To the Editor: In reading Dr Henderson’s review of the book Szasz Under Fire: The Psychiatric Abolitionist Faces His Critics,1 it was difficult to determine why Henderson seems surprised that Dr Szasz and his critics continue to disagree. In Thomas Kuhn’s terms,2 Szasz and psychiatrists have incommensurate paradigms. The essays in this book were well-chosen and illuminated the continuing refusal of psychiatry to understand the completeness of Szasz’s rejection of what he has called "the therapeutic state."

I am most disturbed by Henderson’s suggestion that Szasz is anti-Semitic, particularly by quoting Karl Popper and not Szasz himself. And Henderson’s statement that the book lacks a human rights perspective indicates that he has apparently not read Szasz’s work where he clearly rejects, for example, a "mental patient’s bill of rights" because it claims to give the mental patient all kinds of fake freedoms but not the real freedom that matters most: freedom from being labeled and treated as a mental patient.

Keith Hoeller, PhD
Editor, Review of Existential Psychology & Psychiatry
Seattle, Wash
1. Henderson SW, reviewer JAMA. 2005;293:240-241. Review of: Szasz Under Fire: The Psychiatric Abolitionist Faces His Critics. FULL TEXT
2. Kuhn TS. The Structure of Scientific Revolutions. 2nd ed. Chicago, Ill: University of Chicago Press; 1970.

Letters Section Editor: Robert M. Golub, MD, Senior Editor.
JAMA. 2005;293:1978.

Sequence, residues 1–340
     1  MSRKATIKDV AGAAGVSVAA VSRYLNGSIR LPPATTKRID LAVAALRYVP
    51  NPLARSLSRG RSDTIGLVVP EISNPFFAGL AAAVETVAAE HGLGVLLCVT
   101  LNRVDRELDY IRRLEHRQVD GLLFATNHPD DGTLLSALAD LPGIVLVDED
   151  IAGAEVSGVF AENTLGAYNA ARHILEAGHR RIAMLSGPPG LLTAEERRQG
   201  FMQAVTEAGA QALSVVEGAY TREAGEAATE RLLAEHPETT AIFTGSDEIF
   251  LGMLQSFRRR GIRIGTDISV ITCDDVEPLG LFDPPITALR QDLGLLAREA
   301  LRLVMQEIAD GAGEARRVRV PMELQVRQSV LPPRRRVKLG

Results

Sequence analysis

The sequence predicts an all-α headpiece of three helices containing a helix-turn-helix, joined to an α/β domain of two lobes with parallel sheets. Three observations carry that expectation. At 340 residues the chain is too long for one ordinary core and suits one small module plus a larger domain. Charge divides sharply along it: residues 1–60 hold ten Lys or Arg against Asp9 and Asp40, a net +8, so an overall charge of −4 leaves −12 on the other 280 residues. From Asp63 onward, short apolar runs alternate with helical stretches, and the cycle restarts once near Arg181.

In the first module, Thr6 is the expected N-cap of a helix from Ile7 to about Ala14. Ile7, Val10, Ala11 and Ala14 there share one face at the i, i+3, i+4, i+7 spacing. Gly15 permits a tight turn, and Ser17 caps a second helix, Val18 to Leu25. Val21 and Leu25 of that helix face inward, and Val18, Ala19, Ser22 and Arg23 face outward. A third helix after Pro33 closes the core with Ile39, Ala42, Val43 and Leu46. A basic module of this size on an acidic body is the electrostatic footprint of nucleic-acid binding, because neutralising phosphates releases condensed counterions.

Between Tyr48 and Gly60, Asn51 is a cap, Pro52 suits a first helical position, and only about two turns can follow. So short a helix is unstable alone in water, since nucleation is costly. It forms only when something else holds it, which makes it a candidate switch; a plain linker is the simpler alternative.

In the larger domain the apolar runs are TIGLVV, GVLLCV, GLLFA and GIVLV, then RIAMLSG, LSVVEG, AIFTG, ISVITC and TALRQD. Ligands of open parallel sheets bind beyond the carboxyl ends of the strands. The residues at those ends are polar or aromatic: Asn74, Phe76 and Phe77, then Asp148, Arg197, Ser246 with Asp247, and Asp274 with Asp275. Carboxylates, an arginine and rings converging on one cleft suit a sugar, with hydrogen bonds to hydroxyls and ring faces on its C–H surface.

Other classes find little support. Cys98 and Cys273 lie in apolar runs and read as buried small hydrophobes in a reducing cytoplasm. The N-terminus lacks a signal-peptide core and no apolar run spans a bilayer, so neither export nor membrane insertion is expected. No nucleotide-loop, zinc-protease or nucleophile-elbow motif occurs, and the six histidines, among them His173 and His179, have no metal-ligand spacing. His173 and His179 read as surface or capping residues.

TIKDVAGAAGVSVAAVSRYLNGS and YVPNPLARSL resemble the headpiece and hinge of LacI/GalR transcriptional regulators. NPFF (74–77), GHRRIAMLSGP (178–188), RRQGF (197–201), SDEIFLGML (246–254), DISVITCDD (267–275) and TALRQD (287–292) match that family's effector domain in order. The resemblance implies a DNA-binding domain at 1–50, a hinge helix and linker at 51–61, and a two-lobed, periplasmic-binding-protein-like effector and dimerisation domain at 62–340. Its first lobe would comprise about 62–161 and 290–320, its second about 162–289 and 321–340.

Szasz Under Fire—ReplySchuyler W. Henderson JAMA. 2005;293:1978. EXTRACT FULL TEXT

Szasz Under Fire—Reply

In Reply: First and foremost, I have no reason to believe that Dr Szasz is anti-Semitic and every reason to believe that Karl Popper was not, and I regret any implication to the contrary. Rather, I was concerned that Popper’s letter, otherwise uncontextualized in the vituperative milieu of this book, could be read as an allusion to the anti-Semitism that has occasionally but notoriously lurked in criticisms of psychiatry, from both within and without.1

I was not surprised that there is disagreement between Szasz and his critics (a lack of which would have made for dull reading, and this book is certainly not dull). I was, however, startled by the vehemence of the invective and the degree to which many, but not all, of the parties refused this opportunity to think through and beyond various points of impasse. After all, the "continuing refusal of psychiatry to understand the completeness of Szasz’s rejection of. . . ‘the therapeutic state’" is simply matched by Szasz’s refusal to understand the rejection of his positions. Some differences cannot be reconciled, but I question whether Szasz and psychiatrists have entirely incommensurate paradigms, particularly since Szasz has practiced and taught as a psychiatrist, not without commendation.2